Biden’s slow movement on student loans and his skepticism about more generous relief might be easily written off as generational: In Biden’s era, far fewer Americans attended college
and when they did, it was far more affordable
. Not only that, but when Biden was an undergraduate in the early 1960s, it was still possible to land a middle-class job without a college degree. (My parents, typical of their generation, moved from their poor and working-class origins into the middle class in the 1970s without a college education.)
But Biden’s hesitance says less about his age and more about his analysis of the problem. The President seems eager to divide the nation’s enormous student debt load
— $ 1.6 trillion owed to the federal government by 45 million Americans — into the deserving and undeserving debtors.
More than half the debt load is carried by households with an income over $ 74,000
— one reason Biden prefers means-testing debt relief. But debt holders are also disproportionately women and people of color
, with Black debtors carrying the highest levels of student debt. And, even higher-income households find themselves servicing enormous debts at rates that only nibble away at the principal, leaving many people paying back far more
than they originally borrowed.
That muddy picture of who “deserves” relief suggests the Biden administration and other observers of and participants in this debate are asking the wrong question. It is not about who carries student debt, but why. And the answer to that question points toward a much broader economic crisis in the US, one that needs a far more comprehensive approach than piecemeal relief.
Since the 1980s, the US economy has been marked by greater inequality
and more abundant debt
. The two go hand-in-hand. The American dream of middle-class careers and home ownership has moved out of reach for more and more people: Housing prices have shot up and college education — increasingly a requirement for entry into the middle-class — has become increasingly unaffordable. Yet both appear
attainable thanks to enormous amounts of easily accessible debt
With the rise of subprime mortgages and abundant student loans in the early 2000s, Americans could tell themselves that the inequality and precarity that had come to define life in the United States had not touched them. They could still afford a home, could still afford to send their children to college, could still afford to participate in the fantasy of class mobility and economic stability. But that debt turned out to be inordinately expensive, and paying it back has had a crippling effect on people’s ability to make ends meet — so even households with incomes over $ 74,000 find themselves struggling with large monthly student debt payments.
The pandemic has driven home exactly how much precarity student debt had caused: Households suddenly relieved of repayment found their budgets suddenly had breathing room, even in the uncertainty of the pandemic. (Savings grew rapidly
during the pandemic, in part because of stimulus and child tax credits, and in part because of the student loan repayment pause.)
Yet those payments will soon resume in some form, and families will find themselves back beneath the debt burden. And it comes as home prices are soaring, underwritten once again by subprime mortgages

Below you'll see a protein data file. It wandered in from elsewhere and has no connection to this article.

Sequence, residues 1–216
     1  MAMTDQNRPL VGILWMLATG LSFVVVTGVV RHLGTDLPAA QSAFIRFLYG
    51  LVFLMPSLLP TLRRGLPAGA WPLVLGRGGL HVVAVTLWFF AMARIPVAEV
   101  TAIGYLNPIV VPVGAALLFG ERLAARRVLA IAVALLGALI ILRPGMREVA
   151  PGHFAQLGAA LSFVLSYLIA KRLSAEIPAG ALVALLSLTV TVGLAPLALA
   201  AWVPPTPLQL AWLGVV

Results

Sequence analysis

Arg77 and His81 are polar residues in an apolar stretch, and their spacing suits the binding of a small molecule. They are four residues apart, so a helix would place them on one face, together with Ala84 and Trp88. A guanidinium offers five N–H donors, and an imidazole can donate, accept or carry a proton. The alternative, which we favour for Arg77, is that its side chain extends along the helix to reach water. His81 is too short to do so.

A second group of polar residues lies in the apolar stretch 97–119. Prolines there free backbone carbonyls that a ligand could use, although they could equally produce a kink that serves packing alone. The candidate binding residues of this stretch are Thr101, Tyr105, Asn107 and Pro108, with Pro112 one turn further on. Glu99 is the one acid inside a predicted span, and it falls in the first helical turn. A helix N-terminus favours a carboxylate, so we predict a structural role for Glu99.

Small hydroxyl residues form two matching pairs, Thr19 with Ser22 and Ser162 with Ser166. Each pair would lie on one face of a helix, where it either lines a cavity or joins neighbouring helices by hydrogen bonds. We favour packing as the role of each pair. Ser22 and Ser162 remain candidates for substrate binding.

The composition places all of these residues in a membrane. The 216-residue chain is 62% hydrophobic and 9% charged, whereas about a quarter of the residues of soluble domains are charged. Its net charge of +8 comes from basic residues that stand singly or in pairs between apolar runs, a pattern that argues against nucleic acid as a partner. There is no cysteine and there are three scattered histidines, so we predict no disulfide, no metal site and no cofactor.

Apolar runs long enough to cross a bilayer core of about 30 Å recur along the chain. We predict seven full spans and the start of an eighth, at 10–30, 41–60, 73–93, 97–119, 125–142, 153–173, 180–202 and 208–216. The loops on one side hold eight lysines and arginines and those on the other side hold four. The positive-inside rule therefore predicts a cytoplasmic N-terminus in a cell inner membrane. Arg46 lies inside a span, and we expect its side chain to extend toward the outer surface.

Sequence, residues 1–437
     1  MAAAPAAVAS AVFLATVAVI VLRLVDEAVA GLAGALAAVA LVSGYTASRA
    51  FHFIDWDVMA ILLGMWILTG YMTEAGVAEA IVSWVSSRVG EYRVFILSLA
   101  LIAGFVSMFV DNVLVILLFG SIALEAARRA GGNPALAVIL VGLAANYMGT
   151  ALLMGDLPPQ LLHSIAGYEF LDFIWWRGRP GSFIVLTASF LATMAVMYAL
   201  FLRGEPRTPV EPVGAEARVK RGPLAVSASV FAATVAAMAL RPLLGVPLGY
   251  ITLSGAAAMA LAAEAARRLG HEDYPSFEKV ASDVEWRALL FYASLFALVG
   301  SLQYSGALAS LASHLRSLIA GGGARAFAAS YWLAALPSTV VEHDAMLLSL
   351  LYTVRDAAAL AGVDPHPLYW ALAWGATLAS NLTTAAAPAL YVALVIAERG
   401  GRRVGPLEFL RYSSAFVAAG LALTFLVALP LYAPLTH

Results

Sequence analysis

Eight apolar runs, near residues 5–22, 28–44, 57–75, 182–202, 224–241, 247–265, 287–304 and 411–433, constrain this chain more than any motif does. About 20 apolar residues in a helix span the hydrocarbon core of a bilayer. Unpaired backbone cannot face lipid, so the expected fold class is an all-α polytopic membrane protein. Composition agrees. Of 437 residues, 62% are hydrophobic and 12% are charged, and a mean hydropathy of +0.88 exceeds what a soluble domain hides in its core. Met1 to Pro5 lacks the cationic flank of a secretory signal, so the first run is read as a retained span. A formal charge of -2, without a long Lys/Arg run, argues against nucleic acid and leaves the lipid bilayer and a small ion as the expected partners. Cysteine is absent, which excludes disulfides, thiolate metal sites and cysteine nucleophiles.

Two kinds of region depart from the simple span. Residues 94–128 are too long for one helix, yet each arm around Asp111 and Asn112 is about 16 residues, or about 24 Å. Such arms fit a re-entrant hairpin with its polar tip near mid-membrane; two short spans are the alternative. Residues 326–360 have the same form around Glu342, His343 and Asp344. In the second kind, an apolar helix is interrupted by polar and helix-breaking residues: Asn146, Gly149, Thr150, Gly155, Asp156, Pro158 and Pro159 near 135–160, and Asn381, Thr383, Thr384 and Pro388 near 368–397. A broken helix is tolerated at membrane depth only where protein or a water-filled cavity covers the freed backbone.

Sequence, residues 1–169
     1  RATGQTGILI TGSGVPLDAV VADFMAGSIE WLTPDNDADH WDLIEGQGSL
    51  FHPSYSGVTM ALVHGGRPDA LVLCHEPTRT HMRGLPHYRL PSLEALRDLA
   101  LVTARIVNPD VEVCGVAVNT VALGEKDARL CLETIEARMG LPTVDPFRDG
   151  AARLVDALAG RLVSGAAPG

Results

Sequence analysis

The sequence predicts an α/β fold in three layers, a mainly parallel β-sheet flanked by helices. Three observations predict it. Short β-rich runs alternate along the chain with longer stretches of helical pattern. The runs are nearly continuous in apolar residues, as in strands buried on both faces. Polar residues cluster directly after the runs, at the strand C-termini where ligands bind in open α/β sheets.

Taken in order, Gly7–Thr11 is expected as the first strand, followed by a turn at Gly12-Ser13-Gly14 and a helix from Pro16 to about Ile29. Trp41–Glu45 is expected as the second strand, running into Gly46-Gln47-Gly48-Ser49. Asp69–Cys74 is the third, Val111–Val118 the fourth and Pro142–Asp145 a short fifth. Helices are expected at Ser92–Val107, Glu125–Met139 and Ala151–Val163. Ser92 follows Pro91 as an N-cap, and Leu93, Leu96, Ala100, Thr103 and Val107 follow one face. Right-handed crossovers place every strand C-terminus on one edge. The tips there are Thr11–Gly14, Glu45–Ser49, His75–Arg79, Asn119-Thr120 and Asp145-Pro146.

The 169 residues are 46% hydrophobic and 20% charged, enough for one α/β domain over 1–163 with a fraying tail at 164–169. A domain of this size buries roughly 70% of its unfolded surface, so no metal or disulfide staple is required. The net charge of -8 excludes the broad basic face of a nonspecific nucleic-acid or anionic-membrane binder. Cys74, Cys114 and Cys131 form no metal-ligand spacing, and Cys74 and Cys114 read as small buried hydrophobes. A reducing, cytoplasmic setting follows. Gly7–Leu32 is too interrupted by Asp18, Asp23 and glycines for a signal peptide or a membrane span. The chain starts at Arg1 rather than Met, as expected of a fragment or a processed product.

It is easy for some people to write all this off as Americans living beyond their means, and debt-relief as an unearned bailout for financial recklessness. But that perspective misses that these are also Americans playing by the rules: told to work hard and go to college in order to get a good paying job, told to buy a home rather than rent because it builds equity and intergenerational wealth. Yet those rules are a path to prosperity for fewer and fewer Americans, a reality papered over by all that easy, expensive debt.
Debt, rather than taxes on the wealthy and generous government services, is how the US has chosen to deal with inequality. As a result, we have an increasingly precarious society, where one failure, one accident, one missed payment can collapse a person’s entire financial future. So much activism over the past three decades has sought to ease that precarity: Elizabeth Warren’s fight for bankruptcy reforms
, to rescue families who fall on hard times; the call to bailout homeowners rather than banks during the financial crisis of 2008; the Debt Collective
that grew out of Occupy Wall Street, moving student debt relief into mainstream Democratic politics.
Yet, these efforts are repeatedly countered by claims that those who need relief are ultimately undeserving. For example, Rick Santelli, speaking from the floor
of the Chicago mercantile exchange in February 2009, railed against a homeowner’s bailout, arguing it was not the bankers and financiers at fault for toxic mortgages, but the people who bought the homes. It is not the lenders and universities that saddle teenagers with six-figure debt who are to blame, but the students who failed to land a high-paying job to immediately service all that debt.
So long as we insist that the solution to America’s debt crisis requires evaluating the worthiness of individual borrowers, we will remain trapped in a system of precarity and inequality. If the Biden administration wants to enact real reform, it will not only provide the most generous loan forgiveness possible, but begin the long, difficult project of addressing the inequality that makes expensive debt the engine of the American economy.